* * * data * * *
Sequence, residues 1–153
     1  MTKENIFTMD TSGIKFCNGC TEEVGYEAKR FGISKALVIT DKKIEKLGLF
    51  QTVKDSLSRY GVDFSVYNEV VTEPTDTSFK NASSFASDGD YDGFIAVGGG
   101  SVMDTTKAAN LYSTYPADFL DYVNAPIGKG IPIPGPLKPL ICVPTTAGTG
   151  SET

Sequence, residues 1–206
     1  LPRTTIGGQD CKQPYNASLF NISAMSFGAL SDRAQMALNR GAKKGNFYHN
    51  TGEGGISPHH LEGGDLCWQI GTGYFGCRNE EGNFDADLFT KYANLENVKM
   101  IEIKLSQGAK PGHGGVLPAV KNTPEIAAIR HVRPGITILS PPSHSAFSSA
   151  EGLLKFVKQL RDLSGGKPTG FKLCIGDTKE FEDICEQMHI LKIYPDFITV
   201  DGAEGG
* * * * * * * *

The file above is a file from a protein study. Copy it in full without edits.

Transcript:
Sequence, residues 1–153
     1  MTKENIFTMD TSGIKFCNGC TEEVGYEAKR FGISKALVIT DKKIEKLGLF
    51  QTVKDSLSRY GVDFSVYNEV VTEPTDTSFK NASSFASDGD YDGFIAVGGG
   101  SVMDTTKAAN LYSTYPADFL DYVNAPIGKG IPIPGPLKPL ICVPTTAGTG
   151  SET

Sequence, residues 1–206
     1  LPRTTIGGQD CKQPYNASLF NISAMSFGAL SDRAQMALNR GAKKGNFYHN
    51  TGEGGISPHH LEGGDLCWQI GTGYFGCRNE EGNFDADLFT KYANLENVKM
   101  IEIKLSQGAK PGHGGVLPAV KNTPEIAAIR HVRPGITILS PPSHSAFSSA
   151  EGLLKFVKQL RDLSGGKPTG FKLCIGDTKE FEDICEQMHI LKIYPDFITV
   201  DGAEGG